private BookingService bookingService;

protected void setUp() {
bookingService = EasyMock.createMock(BookingService.class);

protected FlowDefinitionResource getResource(
FlowDefinitionResourceFactory resourceFactory) {
return resourceFactory

protected void configureFlowBuilderContext(
MockFlowBuilderContext builderContext) {
builderContext.registerBean("bookingService", bookingService);

public void testStartBookingFlow() {
Booking booking = createTestBooking();

EasyMock.expect(bookingService.createBooking(1L, "keith")).andReturn(


MutableAttributeMap input = new LocalAttributeMap();
input.put("hotelId", "1");
MockExternalContext context = new MockExternalContext();
startFlow(input, context);

assertResponseWrittenEquals("enterBookingDetails", context);
assertTrue(getRequiredFlowAttribute("booking") instanceof Booking);


public void testEnterBookingDetails_Proceed() {
getFlowScope().put("booking", createTestBooking());

MockExternalContext context = new MockExternalContext();

assertResponseWrittenEquals("reviewBooking", context);

public void testReviewBooking_Confirm() {
getFlowScope().put("booking", createTestBooking());
MockExternalContext context = new MockExternalContext();

private Booking createTestBooking() {
Hotel hotel = new Hotel();
hotel.setName("Jameson Inn");
User user = new User("keith", "pass", "Keith Donald");
Booking booking = new Booking(hotel, user);
return booking;

AbstractXmlFlowExecutionTests is an interesting class as a part of spring-webflow.jar which provides all the plumbing for testing the flow and asserting the next steps within a spring webflow. Every test method that tests the flow will start with a “testXXX” method name. To begin with, there are no flow configuration file “src/main/webapp/WEB-INF/hotels/booking/booking-flow.xml”. The test will obviously will fail. As a first step, we need to define the spring flow as below,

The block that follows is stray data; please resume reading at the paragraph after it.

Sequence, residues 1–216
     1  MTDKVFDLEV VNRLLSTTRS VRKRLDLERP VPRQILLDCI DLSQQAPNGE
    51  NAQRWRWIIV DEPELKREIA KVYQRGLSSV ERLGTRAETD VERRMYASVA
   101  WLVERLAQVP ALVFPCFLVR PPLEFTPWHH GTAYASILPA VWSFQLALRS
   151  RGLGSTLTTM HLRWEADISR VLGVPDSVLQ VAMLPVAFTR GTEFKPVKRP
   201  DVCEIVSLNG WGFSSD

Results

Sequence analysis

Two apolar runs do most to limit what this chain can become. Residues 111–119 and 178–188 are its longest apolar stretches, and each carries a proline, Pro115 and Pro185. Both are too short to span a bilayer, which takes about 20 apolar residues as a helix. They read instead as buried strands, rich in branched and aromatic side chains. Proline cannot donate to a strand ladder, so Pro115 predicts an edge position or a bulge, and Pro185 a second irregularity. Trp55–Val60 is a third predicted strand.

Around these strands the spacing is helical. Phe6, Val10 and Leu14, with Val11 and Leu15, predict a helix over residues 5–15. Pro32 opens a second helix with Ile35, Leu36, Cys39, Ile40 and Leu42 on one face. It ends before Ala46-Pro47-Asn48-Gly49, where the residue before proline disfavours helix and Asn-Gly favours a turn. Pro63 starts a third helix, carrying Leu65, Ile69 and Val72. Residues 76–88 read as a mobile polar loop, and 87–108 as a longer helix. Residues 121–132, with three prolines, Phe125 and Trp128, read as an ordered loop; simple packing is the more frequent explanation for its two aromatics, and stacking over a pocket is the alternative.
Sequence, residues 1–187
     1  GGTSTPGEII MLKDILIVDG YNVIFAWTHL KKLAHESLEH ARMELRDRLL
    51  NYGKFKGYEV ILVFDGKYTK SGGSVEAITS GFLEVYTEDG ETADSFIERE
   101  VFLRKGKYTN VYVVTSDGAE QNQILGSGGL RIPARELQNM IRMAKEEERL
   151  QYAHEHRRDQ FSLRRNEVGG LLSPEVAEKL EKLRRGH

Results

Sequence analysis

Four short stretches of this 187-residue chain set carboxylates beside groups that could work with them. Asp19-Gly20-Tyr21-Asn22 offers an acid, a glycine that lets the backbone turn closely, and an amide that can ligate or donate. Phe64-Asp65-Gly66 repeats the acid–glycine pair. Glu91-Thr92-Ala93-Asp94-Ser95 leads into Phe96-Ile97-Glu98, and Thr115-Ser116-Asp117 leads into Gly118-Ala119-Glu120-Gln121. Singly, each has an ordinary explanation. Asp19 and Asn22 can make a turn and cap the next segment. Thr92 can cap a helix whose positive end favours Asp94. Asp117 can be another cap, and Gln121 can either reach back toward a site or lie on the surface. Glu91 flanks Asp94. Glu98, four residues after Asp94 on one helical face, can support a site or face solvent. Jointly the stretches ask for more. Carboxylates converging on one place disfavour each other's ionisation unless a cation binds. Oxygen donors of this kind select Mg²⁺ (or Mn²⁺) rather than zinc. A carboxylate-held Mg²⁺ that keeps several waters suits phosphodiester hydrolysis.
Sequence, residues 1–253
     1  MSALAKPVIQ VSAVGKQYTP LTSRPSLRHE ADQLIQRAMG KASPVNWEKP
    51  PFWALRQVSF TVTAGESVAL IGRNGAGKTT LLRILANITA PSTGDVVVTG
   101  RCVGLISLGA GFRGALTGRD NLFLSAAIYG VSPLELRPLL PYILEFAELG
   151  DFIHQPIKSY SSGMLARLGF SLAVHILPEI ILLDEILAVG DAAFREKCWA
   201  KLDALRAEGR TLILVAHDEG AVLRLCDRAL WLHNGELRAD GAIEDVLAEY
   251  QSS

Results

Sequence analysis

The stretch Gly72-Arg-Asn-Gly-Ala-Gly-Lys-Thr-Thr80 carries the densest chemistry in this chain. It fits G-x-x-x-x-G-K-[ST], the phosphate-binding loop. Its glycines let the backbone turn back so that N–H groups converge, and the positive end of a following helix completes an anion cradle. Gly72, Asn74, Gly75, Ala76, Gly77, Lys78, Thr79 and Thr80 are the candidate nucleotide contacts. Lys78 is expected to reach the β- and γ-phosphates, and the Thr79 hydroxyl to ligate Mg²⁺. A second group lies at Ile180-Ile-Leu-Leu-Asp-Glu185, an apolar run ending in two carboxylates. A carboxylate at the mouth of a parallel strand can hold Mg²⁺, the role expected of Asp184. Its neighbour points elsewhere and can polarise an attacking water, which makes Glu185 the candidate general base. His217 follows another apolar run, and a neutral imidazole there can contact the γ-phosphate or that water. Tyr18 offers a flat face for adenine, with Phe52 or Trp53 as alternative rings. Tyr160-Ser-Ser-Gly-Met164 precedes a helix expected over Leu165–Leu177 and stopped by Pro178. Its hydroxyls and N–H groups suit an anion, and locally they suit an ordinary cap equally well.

<view-state id="enterBookingDetails" model="booking">
<binding property="checkinDate" />
<binding property="checkoutDate" />
<binding property="beds" />
<binding property="smoking" />
<binding property="creditCard" />
<binding property="creditCardName" />
<binding property="creditCardExpiryMonth" />
<binding property="creditCardExpiryYear" />
<binding property="amenities" />
<render fragments="body" />
<transition on="proceed" to="reviewBooking" />
<transition on="cancel" to="cancel" bind="false" />

<view-state id="reviewBooking" model="booking">
<render fragments="body" />
<transition on="confirm" to="bookingConfirmed">
<evaluate expression="bookingService.persistBooking(booking)" />
<transition on="revise" to="enterBookingDetails" />
<transition on="cancel" to="cancel" />

<end-state id="bookingConfirmed"/>

<end-state id="cancel" />

Once you add this configuration in “src/main/webapp/WEB-INF/hotels/booking/booking-flow.xml” file, and run the test again, the test will succeed.

If you notice carefully, transition on=”confirm” will call the business logic on the service layer, in this example, it will call “bookingService.persistBooking(booking)” business logic.

You also see that there are different controller methods like, enterBookingDetails and reviewBooking. These are associated with different view jsp file. But right now they are mocked and we just assert the controllers as in setCurrentState(“enterBookingDetailsreviewBooking”); and assertCurrentStateEquals(“enterBookingDetailsreviewBooking”); in JUnit test.

Now if we have to build views, we will have 2 views jsps, and configure them in view.xml as below,

<definition name="enterBookingDetails" extends="standardLayout">
<put-attribute name="body" value="/WEB-INF/hotels/booking/enterBookingDetails.jsp"/>

<definition name="reviewBooking" extends="standardLayout">
<put-attribute name="body" value="/WEB-INF/hotels/booking/reviewBooking.jsp" />

You can see the jsp pages in the location as mentioned above, but in the JSP file the key thing that contribute to the webflow is adding,

<form:form modelAttribute="booking" action="${flowExecutionUrl}">

The flowExecutionUrl spring webflow expression language variable will control the flow to next page. There are several such variable within Spring Webflow, for more details click here.

If you want to run this example, you just need to do

mvn tomcat:run

Other References: